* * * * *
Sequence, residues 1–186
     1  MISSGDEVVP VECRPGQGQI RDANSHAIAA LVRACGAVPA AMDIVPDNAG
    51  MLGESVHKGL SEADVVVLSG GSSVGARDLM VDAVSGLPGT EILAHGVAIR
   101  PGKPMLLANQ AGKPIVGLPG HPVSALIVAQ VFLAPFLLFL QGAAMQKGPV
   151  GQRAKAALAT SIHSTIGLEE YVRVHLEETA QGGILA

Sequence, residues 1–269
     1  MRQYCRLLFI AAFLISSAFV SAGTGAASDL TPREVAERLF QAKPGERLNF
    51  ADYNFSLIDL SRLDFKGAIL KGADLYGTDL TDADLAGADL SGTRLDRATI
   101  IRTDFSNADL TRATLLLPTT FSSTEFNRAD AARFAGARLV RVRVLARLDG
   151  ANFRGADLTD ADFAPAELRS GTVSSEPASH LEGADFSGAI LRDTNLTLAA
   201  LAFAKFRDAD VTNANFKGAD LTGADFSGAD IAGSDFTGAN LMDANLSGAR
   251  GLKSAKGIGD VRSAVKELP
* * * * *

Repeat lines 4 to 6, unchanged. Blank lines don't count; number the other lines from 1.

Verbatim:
   101  PGKPMLLANQ AGKPIVGLPG HPVSALIVAQ VFLAPFLLFL QGAAMQKGPV
   151  GQRAKAALAT SIHSTIGLEE YVRVHLEETA QGGILA

Sequence, residues 1–269